Google is Jumping Into Delivery Drones With Project Wing
Remember Prime Air by Amazon? The company’s delivery drone which was announced last November? Although the project is currently under development at the company’s Seattle HQ, Google is planning to be there when it takes off.
Meet Google’s Project Wing, which is being developed at Google X lab responsible for Google Glass and the self-driving car. Being under the development cycle for over two years, Project Wing is reported to make deliveries across towns in a matter of mere one or two minutes.
Speaking of the said project, Google stated that the company’s long-term goal was to invent in something that would allow them to reach out to disaster-struck people in remote areas.
This indeed seems like a good idea to deliver medicine, clothing, and edibles to areas under the devastation of natural calamity which otherwise would be inaccessible by regular means of transportation.
Speaking of it, the leader of Project Wing Dave Voss told BBC News that the project has enabled them to create a new dimension of dealing with emergency situations:
When you have a tool like this you can really allow the operators of those emergency services to add an entirely new dimension to the set of tools and solutions that they can think of.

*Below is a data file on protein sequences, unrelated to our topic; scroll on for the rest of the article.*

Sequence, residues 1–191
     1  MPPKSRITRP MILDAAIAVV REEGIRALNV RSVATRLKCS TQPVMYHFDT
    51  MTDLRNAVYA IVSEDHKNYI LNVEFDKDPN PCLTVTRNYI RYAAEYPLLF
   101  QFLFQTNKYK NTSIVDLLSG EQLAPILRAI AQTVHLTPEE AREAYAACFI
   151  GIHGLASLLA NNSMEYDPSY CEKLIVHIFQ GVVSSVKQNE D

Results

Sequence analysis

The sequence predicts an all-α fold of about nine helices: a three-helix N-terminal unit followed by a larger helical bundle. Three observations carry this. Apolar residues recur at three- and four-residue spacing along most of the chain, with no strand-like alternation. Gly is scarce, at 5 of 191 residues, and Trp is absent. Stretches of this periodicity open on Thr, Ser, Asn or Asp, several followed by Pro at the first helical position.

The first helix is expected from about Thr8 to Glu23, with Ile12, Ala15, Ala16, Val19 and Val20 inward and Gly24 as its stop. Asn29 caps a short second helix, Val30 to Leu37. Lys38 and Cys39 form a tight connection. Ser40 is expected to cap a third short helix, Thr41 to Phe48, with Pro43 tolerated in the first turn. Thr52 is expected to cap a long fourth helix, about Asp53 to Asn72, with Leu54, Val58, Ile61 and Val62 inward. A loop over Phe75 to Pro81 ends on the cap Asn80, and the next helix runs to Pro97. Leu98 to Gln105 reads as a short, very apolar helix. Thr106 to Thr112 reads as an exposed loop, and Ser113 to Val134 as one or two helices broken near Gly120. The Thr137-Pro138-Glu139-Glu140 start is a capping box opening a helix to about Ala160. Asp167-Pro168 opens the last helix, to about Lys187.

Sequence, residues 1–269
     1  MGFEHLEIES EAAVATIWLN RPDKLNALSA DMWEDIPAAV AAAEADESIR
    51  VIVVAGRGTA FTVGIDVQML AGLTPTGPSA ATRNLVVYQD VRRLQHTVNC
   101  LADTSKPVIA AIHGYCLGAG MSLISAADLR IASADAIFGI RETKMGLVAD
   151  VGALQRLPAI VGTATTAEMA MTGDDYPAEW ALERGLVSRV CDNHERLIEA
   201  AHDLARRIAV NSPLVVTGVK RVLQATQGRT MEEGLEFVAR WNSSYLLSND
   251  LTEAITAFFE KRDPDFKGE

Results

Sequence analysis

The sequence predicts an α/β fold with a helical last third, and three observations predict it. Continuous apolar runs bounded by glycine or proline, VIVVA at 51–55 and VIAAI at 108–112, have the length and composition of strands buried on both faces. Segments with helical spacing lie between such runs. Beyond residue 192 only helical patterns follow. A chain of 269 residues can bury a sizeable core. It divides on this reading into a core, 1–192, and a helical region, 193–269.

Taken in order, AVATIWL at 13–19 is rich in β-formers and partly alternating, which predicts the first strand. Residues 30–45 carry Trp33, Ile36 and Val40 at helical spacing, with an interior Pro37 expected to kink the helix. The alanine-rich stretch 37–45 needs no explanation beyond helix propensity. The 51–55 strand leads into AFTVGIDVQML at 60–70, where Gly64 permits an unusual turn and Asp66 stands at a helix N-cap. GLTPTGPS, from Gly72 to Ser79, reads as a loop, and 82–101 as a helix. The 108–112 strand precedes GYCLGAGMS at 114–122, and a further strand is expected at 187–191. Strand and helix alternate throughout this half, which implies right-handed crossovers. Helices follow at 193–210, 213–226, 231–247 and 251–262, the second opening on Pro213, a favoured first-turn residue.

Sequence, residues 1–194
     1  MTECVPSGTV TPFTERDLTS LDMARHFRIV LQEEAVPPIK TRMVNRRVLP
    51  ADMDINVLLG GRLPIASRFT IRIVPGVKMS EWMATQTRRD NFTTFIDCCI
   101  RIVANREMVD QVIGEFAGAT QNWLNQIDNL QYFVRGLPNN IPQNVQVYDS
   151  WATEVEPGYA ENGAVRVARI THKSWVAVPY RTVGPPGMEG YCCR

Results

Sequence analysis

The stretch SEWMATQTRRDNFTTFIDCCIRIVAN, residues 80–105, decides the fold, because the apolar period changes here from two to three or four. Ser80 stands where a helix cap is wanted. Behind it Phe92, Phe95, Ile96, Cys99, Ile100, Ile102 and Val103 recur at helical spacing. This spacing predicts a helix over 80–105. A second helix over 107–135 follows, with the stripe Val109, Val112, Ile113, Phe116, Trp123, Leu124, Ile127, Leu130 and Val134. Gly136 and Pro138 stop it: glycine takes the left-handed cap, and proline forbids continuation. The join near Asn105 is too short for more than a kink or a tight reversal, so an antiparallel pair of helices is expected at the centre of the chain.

Coming to the technical specifications of the drone, it’ll come with a wingspread of 1.5 meters with four propellers running on electricity. Weighing around 8.5 kilograms, the drone will be able to deliver around 10 kilograms of weight – including its own weight.
It also features dual mode which lets it have an agglomeration of both an airplane and a helicopter. Owning to this factor, it can not only land and takeoff without needing a runway, but can also hover in the air for long durations of time. Furthermore, the landing and takeoff times are far lesser than other aircrafts of the same sort.
One thing that distinguishes it from drones being used by military forces around the world is that it doesn’t require any operational individual as it contains the ability to pre-load the destination and fly there without any outside assistance.
Currently, there are no details available as to when the thing will become operational, but I’m betting on a couple of more years – similar to Amazon’s Prime Air.
Arslan is one of Techfrag's regular news writers. When not digging out news stories, he is found buried nose deep in fantasy novels, wasted listening to dubstep, or raging against Xbox Live kids. Need I say more?